Statistics regarding Technology usage:
- Only 53% of Americans have meaningful in-person social interactions daily.(Cigna, n.d.)
- Those who perceived more negative interactions online and were prone to social comparison had higher levels of anxiety and depression.(Medical News Today, n.d.)
- Higher use of social media makes people three times more likely to have perceived social isolation.(Social Media Use and Perceived Social Isolation Among Young Adults in the U.S., n.d.)
- For every 10% rise in negative social media interactions that someone experiences, the risk of depression increases by 20%.(Wiley Online Library, n.d.)
- Those who spend over 6 hours per day watching TV or using the computer are more likely to have moderate or severe depression levels. (NCBI, n.d.)
The Effects of Technology usage:
Psychology effects of Technology addiction:
Physical impacts of Technology addiction:
- Poor posture
- Sleep problems
- Type 2 diabetes
all4kids.org states that “unfortunately, the effects of technology on children and youth are not only spreading to a larger population, but they have also shown to be long-lasting as well. To put things into perspective, about 50% of lifetime mental illness cases started at the age of 14, and 75% began by 24. With this in mind, it is important to take cautionary steps to mitigate potential risk factors for our children, including their access to technology. These steps can include adding parental controls to limit the amount of time your children can have on their mobile devices or while watching television. It is important to keep in mind how a child’s exposure to technology and social media can leave a lasting impact on their mental health.”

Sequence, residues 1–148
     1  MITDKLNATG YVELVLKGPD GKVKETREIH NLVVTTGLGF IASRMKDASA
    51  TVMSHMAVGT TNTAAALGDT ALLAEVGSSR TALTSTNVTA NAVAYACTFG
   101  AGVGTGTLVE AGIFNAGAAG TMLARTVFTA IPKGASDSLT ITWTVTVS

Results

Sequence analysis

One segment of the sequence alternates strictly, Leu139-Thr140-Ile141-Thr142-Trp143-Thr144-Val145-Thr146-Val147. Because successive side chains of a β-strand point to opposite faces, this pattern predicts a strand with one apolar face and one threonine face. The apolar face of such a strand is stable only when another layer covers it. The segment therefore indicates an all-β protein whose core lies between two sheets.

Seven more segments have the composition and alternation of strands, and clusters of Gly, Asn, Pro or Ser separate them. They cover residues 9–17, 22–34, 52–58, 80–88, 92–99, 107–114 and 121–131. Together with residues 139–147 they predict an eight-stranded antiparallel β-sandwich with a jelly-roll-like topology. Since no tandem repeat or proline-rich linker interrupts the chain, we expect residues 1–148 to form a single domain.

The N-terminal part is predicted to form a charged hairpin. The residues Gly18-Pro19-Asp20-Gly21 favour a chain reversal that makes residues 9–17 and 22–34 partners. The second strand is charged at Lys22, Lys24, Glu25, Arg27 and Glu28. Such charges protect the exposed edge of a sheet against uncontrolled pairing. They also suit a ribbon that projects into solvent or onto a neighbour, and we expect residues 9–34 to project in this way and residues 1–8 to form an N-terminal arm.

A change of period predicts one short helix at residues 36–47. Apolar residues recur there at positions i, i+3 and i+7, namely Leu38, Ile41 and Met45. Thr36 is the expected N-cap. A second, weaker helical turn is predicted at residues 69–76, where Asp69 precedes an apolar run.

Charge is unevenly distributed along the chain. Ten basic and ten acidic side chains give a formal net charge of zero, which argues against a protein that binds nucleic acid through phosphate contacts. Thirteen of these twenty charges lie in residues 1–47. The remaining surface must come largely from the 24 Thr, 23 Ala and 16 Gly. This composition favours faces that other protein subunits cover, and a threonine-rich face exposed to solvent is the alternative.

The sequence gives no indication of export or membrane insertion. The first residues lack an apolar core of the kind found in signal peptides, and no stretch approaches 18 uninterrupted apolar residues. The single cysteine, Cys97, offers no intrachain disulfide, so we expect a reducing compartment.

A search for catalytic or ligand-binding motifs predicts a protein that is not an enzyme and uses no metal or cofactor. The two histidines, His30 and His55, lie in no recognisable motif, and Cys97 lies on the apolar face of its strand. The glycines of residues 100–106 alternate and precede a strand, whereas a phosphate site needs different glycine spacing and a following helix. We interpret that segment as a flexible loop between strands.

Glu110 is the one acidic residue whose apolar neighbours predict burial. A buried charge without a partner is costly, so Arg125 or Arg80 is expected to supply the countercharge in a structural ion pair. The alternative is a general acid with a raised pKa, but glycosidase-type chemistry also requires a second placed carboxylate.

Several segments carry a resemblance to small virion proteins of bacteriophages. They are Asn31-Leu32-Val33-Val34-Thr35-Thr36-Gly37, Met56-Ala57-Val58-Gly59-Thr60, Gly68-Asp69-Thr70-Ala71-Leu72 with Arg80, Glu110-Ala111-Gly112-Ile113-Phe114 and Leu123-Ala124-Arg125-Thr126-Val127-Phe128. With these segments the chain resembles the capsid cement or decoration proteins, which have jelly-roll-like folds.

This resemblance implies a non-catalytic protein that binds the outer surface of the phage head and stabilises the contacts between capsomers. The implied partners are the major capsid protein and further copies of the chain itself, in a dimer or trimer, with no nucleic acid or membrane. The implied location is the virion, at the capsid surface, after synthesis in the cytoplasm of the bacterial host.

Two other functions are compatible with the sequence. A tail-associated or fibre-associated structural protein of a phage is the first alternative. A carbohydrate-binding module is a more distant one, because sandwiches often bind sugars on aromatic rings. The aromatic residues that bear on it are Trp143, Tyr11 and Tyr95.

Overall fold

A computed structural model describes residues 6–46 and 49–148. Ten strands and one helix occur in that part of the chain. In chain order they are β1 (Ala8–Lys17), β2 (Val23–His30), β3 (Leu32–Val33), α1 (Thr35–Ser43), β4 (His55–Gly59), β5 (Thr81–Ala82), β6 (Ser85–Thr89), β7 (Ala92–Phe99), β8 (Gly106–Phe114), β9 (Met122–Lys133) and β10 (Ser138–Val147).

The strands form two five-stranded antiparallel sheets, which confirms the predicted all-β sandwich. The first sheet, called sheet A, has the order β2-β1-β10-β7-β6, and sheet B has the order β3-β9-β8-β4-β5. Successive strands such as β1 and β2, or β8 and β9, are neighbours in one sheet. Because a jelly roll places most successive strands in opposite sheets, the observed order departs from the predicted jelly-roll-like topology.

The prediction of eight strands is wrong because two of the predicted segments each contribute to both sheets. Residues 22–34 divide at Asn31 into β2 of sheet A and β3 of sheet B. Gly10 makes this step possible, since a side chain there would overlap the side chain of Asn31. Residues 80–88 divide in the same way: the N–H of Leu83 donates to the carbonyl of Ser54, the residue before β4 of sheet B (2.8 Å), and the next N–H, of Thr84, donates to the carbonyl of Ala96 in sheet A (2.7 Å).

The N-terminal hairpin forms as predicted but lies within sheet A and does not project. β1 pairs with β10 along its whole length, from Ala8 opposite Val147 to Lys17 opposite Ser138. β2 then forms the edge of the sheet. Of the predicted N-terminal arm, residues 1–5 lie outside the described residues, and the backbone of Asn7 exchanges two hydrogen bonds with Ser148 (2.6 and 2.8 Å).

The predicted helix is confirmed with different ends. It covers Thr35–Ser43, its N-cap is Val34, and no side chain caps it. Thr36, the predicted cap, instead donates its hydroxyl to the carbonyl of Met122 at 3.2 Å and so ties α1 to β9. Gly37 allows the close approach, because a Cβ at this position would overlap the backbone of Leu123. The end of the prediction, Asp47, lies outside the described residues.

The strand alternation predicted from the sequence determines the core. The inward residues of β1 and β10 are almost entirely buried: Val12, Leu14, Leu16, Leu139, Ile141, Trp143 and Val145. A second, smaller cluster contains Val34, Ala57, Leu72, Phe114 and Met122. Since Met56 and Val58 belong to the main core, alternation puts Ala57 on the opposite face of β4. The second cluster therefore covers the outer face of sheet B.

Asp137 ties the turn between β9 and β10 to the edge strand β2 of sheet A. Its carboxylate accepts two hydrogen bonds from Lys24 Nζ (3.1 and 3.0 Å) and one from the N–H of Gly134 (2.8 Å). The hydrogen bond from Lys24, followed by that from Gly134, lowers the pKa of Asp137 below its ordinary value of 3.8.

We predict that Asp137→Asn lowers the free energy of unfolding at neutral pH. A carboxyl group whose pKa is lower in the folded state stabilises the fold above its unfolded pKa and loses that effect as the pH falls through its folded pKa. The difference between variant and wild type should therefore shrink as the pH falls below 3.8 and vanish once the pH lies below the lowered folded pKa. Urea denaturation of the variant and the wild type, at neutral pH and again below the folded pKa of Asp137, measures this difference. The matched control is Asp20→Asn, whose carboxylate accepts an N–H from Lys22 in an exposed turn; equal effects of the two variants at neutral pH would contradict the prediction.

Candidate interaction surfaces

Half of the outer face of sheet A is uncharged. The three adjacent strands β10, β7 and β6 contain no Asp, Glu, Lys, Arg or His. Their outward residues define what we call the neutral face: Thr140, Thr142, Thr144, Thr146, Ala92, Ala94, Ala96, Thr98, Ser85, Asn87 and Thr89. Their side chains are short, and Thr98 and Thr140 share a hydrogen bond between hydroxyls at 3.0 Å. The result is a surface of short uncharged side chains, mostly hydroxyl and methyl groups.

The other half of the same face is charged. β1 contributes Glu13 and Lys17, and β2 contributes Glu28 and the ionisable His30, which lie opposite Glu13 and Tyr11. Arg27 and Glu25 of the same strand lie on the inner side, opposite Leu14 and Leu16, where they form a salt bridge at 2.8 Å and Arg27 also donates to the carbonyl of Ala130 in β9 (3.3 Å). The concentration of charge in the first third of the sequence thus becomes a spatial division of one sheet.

In conclusion, technology has changed the average American lifestyle in terms of “connection.” While we can see that technology brings many goods to people, we must also be aware that it comes at a price for many.
From looking at the surface of technology, we can see the beneficial use, but if we take the time to focus on the core issues, you will find harm, especially when it comes to the millions of under-age users that it seems to take hold of every year.
If you are not sure if you or a loved one is suffering from a mental health disorder, here are some signs and symptoms to look out for:
- Severe changes in sleeping habits, personality traits, and behavior.
- Sudden weight loss or weight gain.
- Partaking in risky behaviors that can lead to harming themselves or others.
- Attempting to harm oneself or thinking about it.
- Extreme sense of worry or fear during daily activities.
- Extreme mood swings.
If you or your loved one is struggling with technology addiction or any addiction that falls under the realm of technology, or you think you are starting to see the signs, contact us today at (512) 601-5407 or send us an e-mail at email@example.com.
Read more about addiction to technology and what we have implemented in our program that makes it successful for not only the addict but also the entire family.